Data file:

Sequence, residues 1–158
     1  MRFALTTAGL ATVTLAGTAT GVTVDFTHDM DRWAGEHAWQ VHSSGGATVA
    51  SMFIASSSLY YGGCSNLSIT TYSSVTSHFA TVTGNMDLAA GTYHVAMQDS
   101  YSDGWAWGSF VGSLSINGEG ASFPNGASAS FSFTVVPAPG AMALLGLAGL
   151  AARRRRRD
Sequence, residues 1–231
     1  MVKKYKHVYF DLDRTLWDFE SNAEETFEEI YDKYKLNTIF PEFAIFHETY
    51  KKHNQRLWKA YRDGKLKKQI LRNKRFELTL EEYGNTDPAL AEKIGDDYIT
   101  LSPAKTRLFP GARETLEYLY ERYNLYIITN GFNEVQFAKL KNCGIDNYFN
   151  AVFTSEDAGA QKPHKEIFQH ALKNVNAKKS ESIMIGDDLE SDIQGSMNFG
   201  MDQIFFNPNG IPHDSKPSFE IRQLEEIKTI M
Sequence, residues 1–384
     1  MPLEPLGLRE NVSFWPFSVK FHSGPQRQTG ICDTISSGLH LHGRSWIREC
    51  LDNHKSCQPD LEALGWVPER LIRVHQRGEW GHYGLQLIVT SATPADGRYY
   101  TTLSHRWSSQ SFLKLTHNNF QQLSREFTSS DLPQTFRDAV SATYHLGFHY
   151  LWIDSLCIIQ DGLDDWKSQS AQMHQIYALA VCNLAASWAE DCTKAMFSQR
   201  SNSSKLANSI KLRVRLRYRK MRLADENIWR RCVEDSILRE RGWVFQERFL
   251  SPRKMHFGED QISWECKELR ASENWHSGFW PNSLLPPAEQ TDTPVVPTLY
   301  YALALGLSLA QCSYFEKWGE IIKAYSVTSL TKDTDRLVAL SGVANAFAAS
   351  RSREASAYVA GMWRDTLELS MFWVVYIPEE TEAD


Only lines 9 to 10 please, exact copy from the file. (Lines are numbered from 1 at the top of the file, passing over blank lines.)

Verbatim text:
   101  LSPAKTRLFP GARETLEYLY ERYNLYIITN GFNEVQFAKL KNCGIDNYFN
   151  AVFTSEDAGA QKPHKEIFQH ALKNVNAKKS ESIMIGDDLE SDIQGSMNFG